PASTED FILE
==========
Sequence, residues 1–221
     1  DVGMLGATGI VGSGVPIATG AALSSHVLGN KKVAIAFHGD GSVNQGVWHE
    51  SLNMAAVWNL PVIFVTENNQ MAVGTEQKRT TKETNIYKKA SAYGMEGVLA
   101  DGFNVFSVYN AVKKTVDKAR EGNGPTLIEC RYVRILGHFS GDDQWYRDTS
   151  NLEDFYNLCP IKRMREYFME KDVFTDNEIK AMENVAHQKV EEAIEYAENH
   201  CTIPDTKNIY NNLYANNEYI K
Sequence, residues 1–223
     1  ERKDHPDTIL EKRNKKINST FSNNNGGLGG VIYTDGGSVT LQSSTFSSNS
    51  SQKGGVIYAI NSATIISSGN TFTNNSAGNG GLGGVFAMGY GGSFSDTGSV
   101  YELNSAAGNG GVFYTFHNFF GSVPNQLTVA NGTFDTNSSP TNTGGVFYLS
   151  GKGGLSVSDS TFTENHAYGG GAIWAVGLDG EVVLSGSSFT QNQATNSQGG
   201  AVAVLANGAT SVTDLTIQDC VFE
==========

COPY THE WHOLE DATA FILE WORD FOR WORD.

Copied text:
Sequence, residues 1–221
     1  DVGMLGATGI VGSGVPIATG AALSSHVLGN KKVAIAFHGD GSVNQGVWHE
    51  SLNMAAVWNL PVIFVTENNQ MAVGTEQKRT TKETNIYKKA SAYGMEGVLA
   101  DGFNVFSVYN AVKKTVDKAR EGNGPTLIEC RYVRILGHFS GDDQWYRDTS
   151  NLEDFYNLCP IKRMREYFME KDVFTDNEIK AMENVAHQKV EEAIEYAENH
   201  CTIPDTKNIY NNLYANNEYI K
Sequence, residues 1–223
     1  ERKDHPDTIL EKRNKKINST FSNNNGGLGG VIYTDGGSVT LQSSTFSSNS
    51  SQKGGVIYAI NSATIISSGN TFTNNSAGNG GLGGVFAMGY GGSFSDTGSV
   101  YELNSAAGNG GVFYTFHNFF GSVPNQLTVA NGTFDTNSSP TNTGGVFYLS
   151  GKGGLSVSDS TFTENHAYGG GAIWAVGLDG EVVLSGSSFT QNQATNSQGG
   201  AVAVLANGAT SVTDLTIQDC VFE